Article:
1887

Abstract

The carnitine-responsive mutant yeast ATCC 26014, when grown on medium supplemented with carnitine, contained acetyl- and propionylcarnitines, consistent with the presence of carnitine acetyltransferase, which catalyses the reaction carnitine + acyl-CoA ⇌ acylcarnitine + CoA. Two hypotheses for the metabolic function of carnitine were tested. (1) That by reacting with acyl-CoA and releasing CoA, carnitine decreases the requirement for CoA. The effect of carnitine on the growth of the organism was measured in medium containing limiting amounts of pantothenate, which is a component of CoA. Carnitine did not increase the cell yield, suggesting that it did not exert a pantothenate-sparing effect. (2) That carnitine facilitates utilization of short-chain fatty acids. Carnitine reversed the growth inhibition which occurred when acetate was present in the medium, and also increased the respiration rate when acetate was the substrate, results consistent with the hypothesis that the carnitine acetyltransferase system was the limiting factor in transport of acetyl groups into mitochondria of . ATCC 26014.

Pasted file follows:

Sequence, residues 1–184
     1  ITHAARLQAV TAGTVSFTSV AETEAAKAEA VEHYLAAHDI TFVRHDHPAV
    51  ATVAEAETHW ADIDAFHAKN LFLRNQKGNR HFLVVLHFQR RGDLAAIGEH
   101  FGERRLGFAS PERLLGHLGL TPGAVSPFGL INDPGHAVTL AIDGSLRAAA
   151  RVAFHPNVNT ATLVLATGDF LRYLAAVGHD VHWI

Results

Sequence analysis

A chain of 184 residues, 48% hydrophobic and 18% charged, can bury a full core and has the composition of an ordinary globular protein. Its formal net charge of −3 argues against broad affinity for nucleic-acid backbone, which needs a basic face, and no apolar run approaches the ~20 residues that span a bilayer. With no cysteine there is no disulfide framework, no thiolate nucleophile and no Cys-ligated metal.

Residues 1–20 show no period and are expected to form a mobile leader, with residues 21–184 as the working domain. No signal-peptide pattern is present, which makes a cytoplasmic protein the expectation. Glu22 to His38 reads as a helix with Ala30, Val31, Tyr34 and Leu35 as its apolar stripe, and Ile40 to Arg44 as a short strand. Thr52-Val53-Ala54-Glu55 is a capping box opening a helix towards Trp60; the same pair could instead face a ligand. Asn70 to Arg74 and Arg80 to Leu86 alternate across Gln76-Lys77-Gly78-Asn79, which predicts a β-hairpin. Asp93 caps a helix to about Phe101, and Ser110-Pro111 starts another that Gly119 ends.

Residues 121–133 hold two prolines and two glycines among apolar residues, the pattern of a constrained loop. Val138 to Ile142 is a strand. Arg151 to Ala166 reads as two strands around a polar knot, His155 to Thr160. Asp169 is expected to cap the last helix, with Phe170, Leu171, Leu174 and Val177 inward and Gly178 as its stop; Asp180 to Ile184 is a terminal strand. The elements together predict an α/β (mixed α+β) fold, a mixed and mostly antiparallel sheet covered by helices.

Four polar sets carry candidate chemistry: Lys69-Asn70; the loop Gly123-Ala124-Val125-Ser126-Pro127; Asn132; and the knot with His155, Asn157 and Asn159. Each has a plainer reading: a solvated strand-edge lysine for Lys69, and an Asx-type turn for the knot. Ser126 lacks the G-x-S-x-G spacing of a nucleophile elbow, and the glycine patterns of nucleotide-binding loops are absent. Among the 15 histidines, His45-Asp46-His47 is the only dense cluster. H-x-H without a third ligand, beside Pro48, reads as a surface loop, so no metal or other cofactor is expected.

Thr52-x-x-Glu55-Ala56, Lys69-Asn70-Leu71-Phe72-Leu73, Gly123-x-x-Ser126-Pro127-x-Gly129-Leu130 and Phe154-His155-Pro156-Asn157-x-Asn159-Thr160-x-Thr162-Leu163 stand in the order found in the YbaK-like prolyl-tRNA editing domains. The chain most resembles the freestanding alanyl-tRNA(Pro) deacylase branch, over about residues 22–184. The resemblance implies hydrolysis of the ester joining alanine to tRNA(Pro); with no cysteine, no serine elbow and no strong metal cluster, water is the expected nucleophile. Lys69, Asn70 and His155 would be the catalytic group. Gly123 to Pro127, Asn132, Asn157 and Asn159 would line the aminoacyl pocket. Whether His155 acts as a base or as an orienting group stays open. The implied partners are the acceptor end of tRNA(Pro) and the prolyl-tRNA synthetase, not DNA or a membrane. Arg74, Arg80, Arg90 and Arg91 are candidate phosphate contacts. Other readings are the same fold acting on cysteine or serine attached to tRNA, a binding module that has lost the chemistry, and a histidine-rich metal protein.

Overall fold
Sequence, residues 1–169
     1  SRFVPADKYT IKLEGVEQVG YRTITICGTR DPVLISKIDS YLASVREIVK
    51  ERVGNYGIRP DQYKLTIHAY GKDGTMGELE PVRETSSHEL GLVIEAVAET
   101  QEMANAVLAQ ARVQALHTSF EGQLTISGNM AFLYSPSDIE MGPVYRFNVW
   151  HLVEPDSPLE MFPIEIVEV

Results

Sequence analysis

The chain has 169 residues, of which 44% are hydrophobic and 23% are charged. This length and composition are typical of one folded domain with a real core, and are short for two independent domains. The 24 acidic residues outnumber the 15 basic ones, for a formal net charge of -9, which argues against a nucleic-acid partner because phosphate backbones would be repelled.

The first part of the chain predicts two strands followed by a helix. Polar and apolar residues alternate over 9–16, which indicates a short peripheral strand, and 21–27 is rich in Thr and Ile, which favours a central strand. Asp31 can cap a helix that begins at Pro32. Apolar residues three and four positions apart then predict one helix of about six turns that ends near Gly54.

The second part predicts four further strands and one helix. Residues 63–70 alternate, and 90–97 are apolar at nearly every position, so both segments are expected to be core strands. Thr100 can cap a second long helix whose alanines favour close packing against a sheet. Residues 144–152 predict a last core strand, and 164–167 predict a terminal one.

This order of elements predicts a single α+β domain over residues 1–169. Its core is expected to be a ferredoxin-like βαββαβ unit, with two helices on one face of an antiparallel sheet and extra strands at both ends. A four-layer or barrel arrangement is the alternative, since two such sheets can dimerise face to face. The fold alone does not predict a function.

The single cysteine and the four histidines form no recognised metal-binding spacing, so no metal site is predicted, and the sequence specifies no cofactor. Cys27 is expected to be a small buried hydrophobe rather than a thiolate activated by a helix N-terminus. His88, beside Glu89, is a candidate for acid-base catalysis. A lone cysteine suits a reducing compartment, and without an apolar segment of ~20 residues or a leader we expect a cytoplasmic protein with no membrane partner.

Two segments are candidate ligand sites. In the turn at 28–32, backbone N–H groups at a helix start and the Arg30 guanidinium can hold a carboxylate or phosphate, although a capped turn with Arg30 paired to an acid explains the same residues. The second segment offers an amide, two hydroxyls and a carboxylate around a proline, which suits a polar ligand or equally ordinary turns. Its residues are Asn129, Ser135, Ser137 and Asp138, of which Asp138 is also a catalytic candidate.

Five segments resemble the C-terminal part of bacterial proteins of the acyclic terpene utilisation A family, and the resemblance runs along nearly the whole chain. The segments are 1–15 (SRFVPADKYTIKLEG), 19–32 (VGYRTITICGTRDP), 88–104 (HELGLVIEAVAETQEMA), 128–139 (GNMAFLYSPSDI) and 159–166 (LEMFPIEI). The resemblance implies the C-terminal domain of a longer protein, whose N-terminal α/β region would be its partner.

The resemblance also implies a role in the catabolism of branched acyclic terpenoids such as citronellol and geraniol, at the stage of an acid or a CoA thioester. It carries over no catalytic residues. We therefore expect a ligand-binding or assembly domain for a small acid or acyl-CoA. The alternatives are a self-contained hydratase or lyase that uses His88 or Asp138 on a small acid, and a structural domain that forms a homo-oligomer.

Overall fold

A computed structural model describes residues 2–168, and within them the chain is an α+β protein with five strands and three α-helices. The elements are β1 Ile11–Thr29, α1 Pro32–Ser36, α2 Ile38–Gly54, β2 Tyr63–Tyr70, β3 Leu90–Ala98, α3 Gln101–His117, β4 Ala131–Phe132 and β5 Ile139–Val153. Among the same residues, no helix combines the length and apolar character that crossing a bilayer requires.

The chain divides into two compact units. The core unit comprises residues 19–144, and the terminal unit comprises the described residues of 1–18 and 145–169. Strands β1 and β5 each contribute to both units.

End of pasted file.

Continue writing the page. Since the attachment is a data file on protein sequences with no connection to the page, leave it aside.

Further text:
The properties of the carnitine-responsive strain were compared with those of the wild-type, . ATCC 22987. Growth rate of the wild-type was rapid and was not stimulated by carnitine, nor was it inhibited by acetate in the growth medium. Acetate increased the respiration rate of the wild-type to the same extent in the presence or absence of carnitine. It is postulated that the mutant lacks a mechanism for handling acetate which is present in the wild-type, and that addition of carnitine to the medium enables the carnitine acetyltransferase system of the mutant to increase the rate of transport of acetyl groups into the mitochondria.

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/content/journal/micro/10.1099/00221287-131-6-1349
1985-06-01
2022-01-27
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